UVA and Duke Team Up to Create New Coatings for Turbine Enginesmkw3a@virginia.edu
The National Science Foundation awarded a four-year, $1.75 million grant to a team of researchers from the University of Virginia and Duke University to develop materials that can withstand the extreme stress and heat of turbine engines. Elizabeth J. Opila, director of the Rolls-Royce University Technology Center on Advanced Materials Systems and professor of materials science and engineering and mechanical and aerospace engineering at UVA, leads the team. She is joined by Patrick E. Hopkins, UVA professor of mechanical and aerospace engineering; Jon Ihlefeld, UVA associate professor of materials science and engineering and electrical and computer engineering; and Cormac Toher, assistant research professor of mechanical engineering and materials science at Duke University.
Turbine engines used for power and propulsion gain efficiency when operating at higher temperatures. Today’s engines have hit a ceiling, however, in the temperatures they can withstand. The grant award for collaborative research, from the National Science Foundation’s Designing Materials to Revolutionize and Engineer the Future project, aims to raise the ceiling by accelerating discovery of high-entropy silicates for extreme environments.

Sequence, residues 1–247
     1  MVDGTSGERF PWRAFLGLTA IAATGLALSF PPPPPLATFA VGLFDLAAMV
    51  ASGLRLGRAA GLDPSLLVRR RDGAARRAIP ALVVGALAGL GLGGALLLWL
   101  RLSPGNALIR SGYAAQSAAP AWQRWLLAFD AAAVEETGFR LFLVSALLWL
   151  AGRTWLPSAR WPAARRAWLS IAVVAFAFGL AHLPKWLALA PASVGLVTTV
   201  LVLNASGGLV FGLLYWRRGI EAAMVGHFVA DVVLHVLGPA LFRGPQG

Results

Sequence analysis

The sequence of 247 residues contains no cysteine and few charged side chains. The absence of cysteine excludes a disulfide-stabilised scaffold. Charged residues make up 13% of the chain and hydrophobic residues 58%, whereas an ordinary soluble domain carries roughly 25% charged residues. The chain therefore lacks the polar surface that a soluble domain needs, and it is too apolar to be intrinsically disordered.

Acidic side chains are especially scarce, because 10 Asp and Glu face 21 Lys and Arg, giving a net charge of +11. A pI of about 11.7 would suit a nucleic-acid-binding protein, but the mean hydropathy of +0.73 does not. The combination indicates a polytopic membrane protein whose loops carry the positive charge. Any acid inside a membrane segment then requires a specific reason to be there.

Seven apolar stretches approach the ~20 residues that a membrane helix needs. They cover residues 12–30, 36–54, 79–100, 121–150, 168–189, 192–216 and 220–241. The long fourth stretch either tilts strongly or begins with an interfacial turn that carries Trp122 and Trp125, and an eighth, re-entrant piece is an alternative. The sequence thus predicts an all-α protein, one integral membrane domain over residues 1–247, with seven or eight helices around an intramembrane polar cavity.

The UVA-Duke team will design new coatings to enable higher temperature turbine operation. Their method innovates current approaches to coatings, which rely on a single rare-earth element in the silicate, a base material. They hypothesize that a mix of some combination of the 15 rare-earth elements in the silicates will optimize desirable coatings properties, including low thermal conductivity and high stability in reactive turbine engine environments. Their challenge is to find the right recipe.
The exponential number of combinations makes this type of experimentation impractical for field research. They will instead employ computational models to learn and predict how material properties will change with each variation of the composition. Ihlefeld brings a high-end materials processing capability using gases, liquids and solids as precursors to make the coating materials. Opila and Hopkins will then test the materials, gaining knowledge of their properties.
Their experimental results will feed Toher’s computational model, which compares properties based on first principles such as bond energies, to make a prediction about the performance of a specific composition. Their agile development approach creates a positive feedback loop between a novel processing model and the materials system. This investment in new modeling computation methods can extend theoretical knowledge of rare-earth silicates into other materials systems.